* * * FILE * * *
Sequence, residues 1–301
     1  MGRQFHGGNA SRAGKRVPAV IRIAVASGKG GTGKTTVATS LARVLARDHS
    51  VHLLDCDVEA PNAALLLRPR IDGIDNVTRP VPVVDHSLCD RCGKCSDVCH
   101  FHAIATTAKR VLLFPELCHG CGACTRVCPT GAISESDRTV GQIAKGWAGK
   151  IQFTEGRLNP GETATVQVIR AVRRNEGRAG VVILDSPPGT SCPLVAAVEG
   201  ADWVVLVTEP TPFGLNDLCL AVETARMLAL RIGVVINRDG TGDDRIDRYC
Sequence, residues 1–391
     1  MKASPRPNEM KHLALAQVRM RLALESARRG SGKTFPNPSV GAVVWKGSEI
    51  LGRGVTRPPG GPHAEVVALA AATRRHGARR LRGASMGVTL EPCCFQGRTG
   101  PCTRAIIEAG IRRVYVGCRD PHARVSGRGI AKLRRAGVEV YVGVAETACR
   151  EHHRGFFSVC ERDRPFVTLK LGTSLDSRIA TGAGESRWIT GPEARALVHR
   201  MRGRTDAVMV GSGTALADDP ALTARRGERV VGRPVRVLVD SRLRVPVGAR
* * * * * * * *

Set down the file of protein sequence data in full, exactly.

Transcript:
Sequence, residues 1–301
     1  MGRQFHGGNA SRAGKRVPAV IRIAVASGKG GTGKTTVATS LARVLARDHS
    51  VHLLDCDVEA PNAALLLRPR IDGIDNVTRP VPVVDHSLCD RCGKCSDVCH
   101  FHAIATTAKR VLLFPELCHG CGACTRVCPT GAISESDRTV GQIAKGWAGK
   151  IQFTEGRLNP GETATVQVIR AVRRNEGRAG VVILDSPPGT SCPLVAAVEG
   201  ADWVVLVTEP TPFGLNDLCL AVETARMLAL RIGVVINRDG TGDDRIDRYC
Sequence, residues 1–391
     1  MKASPRPNEM KHLALAQVRM RLALESARRG SGKTFPNPSV GAVVWKGSEI
    51  LGRGVTRPPG GPHAEVVALA AATRRHGARR LRGASMGVTL EPCCFQGRTG
   101  PCTRAIIEAG IRRVYVGCRD PHARVSGRGI AKLRRAGVEV YVGVAETACR
   151  EHHRGFFSVC ERDRPFVTLK LGTSLDSRIA TGAGESRWIT GPEARALVHR
   201  MRGRTDAVMV GSGTALADDP ALTARRGERV VGRPVRVLVD SRLRVPVGAR